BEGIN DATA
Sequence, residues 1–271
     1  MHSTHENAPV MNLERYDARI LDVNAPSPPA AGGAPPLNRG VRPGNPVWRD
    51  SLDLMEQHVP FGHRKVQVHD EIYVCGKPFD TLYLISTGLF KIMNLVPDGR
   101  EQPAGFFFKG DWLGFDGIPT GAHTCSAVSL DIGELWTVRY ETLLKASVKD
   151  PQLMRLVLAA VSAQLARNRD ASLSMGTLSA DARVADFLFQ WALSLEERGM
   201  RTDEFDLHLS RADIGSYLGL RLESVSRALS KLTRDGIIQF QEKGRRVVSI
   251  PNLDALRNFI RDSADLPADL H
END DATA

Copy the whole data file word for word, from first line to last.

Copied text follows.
Sequence, residues 1–271
     1  MHSTHENAPV MNLERYDARI LDVNAPSPPA AGGAPPLNRG VRPGNPVWRD
    51  SLDLMEQHVP FGHRKVQVHD EIYVCGKPFD TLYLISTGLF KIMNLVPDGR
   101  EQPAGFFFKG DWLGFDGIPT GAHTCSAVSL DIGELWTVRY ETLLKASVKD
   151  PQLMRLVLAA VSAQLARNRD ASLSMGTLSA DARVADFLFQ WALSLEERGM
   201  RTDEFDLHLS RADIGSYLGL RLESVSRALS KLTRDGIIQF QEKGRRVVSI
   251  PNLDALRNFI RDSADLPADL H